Posted by: Admin | September 25, 2010

Death Valley Jack just keeps on running

Jack Denness in action

Anyone heard of Death Valley Jack? School caretaker, Jack Denness from Rochester in Kent, earned his Hollywood Western-style moniker by pounding the route of the road race billed as the world’s toughest – the Badwater Ultramarathon. Imagine running a marathon. Now imagine running five in a row, non stop – 135 miles in temperatures that reach up to 55c.

Jack became the oldest man to complete the course, which runs from Badwater, Nevada to Whitney Portal in California in 2005. This July he completed it again, for the fourteenth time, at the grand old age of 75.

Jack has been described as Kent’s answer to Forrest Gump

Speaking to the Independent on 7th July, Jack admits you have to be mad to even attempt the race. “The road temperature gets up to 140 degrees farenheit sometimes,” he says, and hallucinations are a common, and a welcome, distraction as, in Jack’s words, “they break the race up a bit”.

So what motivates a pensioner like Jack to compete in ultra marathons alongside some of the toughest athletes on the planet? And how does he do it?

Sponsored by Seven Seas, the supplement company, he raises money for Cerebal Palsy Care in Kent and puts his fitness down to his slim build and the fact that he’s taken cod liver oil all his life. It’s certainly not down to diet – to celebrate the end of an ultra, Jack cracks open a cold beer.

On 3rd October Jack will be at the start line of the 2010 Sahara Race. And just in case my husband is reading this, here’s a copy of the itinerary to un-whet his appetite:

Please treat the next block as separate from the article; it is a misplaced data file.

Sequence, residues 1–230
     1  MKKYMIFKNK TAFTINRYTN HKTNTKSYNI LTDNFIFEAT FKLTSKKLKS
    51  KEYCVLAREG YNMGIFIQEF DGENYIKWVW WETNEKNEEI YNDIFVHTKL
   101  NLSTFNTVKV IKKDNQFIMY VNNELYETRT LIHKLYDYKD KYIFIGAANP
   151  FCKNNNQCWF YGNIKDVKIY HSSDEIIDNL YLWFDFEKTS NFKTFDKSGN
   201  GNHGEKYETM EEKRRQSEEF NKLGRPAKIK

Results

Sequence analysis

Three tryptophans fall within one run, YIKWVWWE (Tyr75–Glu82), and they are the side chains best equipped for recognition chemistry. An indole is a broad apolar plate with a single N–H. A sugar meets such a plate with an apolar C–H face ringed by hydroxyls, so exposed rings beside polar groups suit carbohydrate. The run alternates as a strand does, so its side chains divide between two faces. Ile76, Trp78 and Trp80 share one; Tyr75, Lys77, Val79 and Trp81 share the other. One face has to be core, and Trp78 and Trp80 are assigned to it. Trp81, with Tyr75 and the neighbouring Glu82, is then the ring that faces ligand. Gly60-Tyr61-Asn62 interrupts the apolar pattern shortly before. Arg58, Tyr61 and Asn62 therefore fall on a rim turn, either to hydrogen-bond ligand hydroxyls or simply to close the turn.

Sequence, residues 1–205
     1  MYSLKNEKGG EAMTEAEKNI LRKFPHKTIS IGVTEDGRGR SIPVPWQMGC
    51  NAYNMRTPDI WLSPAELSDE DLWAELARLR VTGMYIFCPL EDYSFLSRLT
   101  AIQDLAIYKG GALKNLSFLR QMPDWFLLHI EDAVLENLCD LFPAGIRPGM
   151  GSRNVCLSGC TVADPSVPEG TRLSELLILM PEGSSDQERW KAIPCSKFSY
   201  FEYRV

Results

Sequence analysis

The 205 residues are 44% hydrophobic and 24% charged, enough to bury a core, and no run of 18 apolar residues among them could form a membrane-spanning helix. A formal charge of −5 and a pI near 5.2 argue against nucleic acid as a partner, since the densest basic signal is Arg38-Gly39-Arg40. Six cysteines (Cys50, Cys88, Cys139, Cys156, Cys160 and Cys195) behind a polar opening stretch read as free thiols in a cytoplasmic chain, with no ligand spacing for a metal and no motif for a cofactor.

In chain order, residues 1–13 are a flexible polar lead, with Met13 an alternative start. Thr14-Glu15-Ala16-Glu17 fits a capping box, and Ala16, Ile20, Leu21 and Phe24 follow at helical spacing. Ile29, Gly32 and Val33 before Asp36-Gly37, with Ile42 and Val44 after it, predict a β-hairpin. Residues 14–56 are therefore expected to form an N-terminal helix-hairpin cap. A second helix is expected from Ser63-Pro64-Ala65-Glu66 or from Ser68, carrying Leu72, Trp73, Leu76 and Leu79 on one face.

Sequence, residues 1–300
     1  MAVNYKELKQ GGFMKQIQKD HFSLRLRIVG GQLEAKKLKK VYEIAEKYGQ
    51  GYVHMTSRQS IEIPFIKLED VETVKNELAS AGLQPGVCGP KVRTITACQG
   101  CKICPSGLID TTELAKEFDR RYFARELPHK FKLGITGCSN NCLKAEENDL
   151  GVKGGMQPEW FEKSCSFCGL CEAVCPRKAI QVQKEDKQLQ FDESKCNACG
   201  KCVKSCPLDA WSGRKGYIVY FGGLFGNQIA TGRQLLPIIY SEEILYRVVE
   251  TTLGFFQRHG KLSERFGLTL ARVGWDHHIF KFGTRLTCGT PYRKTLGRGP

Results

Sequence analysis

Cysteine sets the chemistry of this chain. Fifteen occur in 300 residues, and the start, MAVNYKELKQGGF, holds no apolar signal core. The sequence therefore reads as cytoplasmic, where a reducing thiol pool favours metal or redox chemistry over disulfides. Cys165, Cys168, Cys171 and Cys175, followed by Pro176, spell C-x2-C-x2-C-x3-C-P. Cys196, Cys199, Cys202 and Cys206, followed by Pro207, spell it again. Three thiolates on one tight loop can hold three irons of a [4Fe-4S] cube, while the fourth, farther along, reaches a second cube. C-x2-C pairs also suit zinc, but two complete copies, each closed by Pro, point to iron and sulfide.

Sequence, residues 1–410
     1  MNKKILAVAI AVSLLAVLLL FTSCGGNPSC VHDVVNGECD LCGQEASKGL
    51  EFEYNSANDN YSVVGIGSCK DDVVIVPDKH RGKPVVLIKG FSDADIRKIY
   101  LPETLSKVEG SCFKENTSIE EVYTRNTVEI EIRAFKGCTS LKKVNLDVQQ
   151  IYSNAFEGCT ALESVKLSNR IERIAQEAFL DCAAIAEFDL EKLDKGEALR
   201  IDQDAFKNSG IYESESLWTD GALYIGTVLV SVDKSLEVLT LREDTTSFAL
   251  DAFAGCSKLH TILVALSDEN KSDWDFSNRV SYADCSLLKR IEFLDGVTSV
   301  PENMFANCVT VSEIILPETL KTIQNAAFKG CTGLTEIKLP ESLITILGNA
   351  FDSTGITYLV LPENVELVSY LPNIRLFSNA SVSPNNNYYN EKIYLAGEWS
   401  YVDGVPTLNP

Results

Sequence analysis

– Sunday, 3 October 2010 : Start, Stage 1 (8am): 40 kms
– Monday, 4 October 2010 : Stage 2 (8am): 40 kms
– Tuesday, 5 October 2010 : Stage 3 (8am): 40 kms
– Wednesday, 6 October 2010 : Stage 4 (8am): 40 kms
– Thursday, 7 October 2010 : Stage 5 (8am): 90 kms
– Friday, 8 October 2010 : Stage 5, continued
– Saturday, 9 October 2010 : Stage 6 (10am): 10 kms, Finish at the Pyramids of Giza
– Sunday, 10 October 2010 : Departure

The next challenge for Death Valley Jack

Bonkers! But what an inspiration. If you’re reading this, Jack, I’d love to feature you on here after the race. I’d also like to talk to your wife, Mags – does she ever wish you’d just potter about for a bit? 😉

Good luck in Egypt.

I’ve made a small donation on behalf of the project50 community. If you’d like to follow Jacks’ progress, or donate to the charity he supports, you can click through to Jack’s Facebook page here: “Help Death Valley Jack get more fans that Usain Bolt”


  1. He’s mad as a hatter you know. I know the area, I know the age, at least nearly, and I can’t imagine that I would even go there again much less get out of my air conditioned car. I spent a lot of time out west in my younger days and a lot of it in that desert.
    As for causes I feel about the same as W. C. Fields did about feeding the orphans. I keep my causes close to home were I can see the difference I make.
    When a man gets into his 70’s he might be a loose cannon.
    John McCain is a good example. I speak from experience.
    Yawl have a nice day now. 50 ain’t so bad.

  2. I’d love to read your autobiography, Old Fool. As for Jack Denness being mad as a hatter, I guess it takes one to know one 😉

    He’s been in touch and I’m hoping to talk to him after the Sahara race (when he catches his breath!) By the way, I thought “mad as a hatter” was very English expression, originating in Luton where the girls in the hat industry would be poisoned by the chemicals they used in hat making (arsenic, maybe? I can’t remember) Interesting – have you spent time in the UK?

  3. No time in the UK I’m sorry to say but I read. I learned about the hatter thing from Alice in Wonderland. I didn’t just read the book I studied the book. The Mad Hatter was a victim of those chemicals. I think it was the mercury. Lethal stuff.

  4. […] recently, we featured Death Valley Jack and his preparations to run the 2010 Sahara Race. Sadly, Jack is currently in a Cairo hospital, […]

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